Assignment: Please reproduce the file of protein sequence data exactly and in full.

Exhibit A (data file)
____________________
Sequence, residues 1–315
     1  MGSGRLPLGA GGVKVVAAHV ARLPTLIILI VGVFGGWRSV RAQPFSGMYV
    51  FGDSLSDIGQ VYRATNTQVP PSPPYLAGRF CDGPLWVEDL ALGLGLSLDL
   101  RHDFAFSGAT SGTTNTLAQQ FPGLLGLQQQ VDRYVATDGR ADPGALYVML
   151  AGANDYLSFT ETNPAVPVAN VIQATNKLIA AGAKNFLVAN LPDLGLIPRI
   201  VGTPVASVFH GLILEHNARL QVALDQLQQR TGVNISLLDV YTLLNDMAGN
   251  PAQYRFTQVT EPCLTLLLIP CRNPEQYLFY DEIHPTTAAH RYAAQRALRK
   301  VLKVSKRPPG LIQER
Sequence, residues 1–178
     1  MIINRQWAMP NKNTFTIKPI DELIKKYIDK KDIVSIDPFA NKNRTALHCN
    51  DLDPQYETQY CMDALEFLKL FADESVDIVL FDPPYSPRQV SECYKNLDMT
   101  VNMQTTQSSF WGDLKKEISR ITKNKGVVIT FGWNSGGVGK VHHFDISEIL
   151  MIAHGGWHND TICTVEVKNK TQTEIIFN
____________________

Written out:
Sequence, residues 1–315
     1  MGSGRLPLGA GGVKVVAAHV ARLPTLIILI VGVFGGWRSV RAQPFSGMYV
    51  FGDSLSDIGQ VYRATNTQVP PSPPYLAGRF CDGPLWVEDL ALGLGLSLDL
   101  RHDFAFSGAT SGTTNTLAQQ FPGLLGLQQQ VDRYVATDGR ADPGALYVML
   151  AGANDYLSFT ETNPAVPVAN VIQATNKLIA AGAKNFLVAN LPDLGLIPRI
   201  VGTPVASVFH GLILEHNARL QVALDQLQQR TGVNISLLDV YTLLNDMAGN
   251  PAQYRFTQVT EPCLTLLLIP CRNPEQYLFY DEIHPTTAAH RYAAQRALRK
   301  VLKVSKRPPG LIQER
Sequence, residues 1–178
     1  MIINRQWAMP NKNTFTIKPI DELIKKYIDK KDIVSIDPFA NKNRTALHCN
    51  DLDPQYETQY CMDALEFLKL FADESVDIVL FDPPYSPRQV SECYKNLDMT
   101  VNMQTTQSSF WGDLKKEISR ITKNKGVVIT FGWNSGGVGK VHHFDISEIL
   151  MIAHGGWHND TICTVEVKNK TQTEIIFN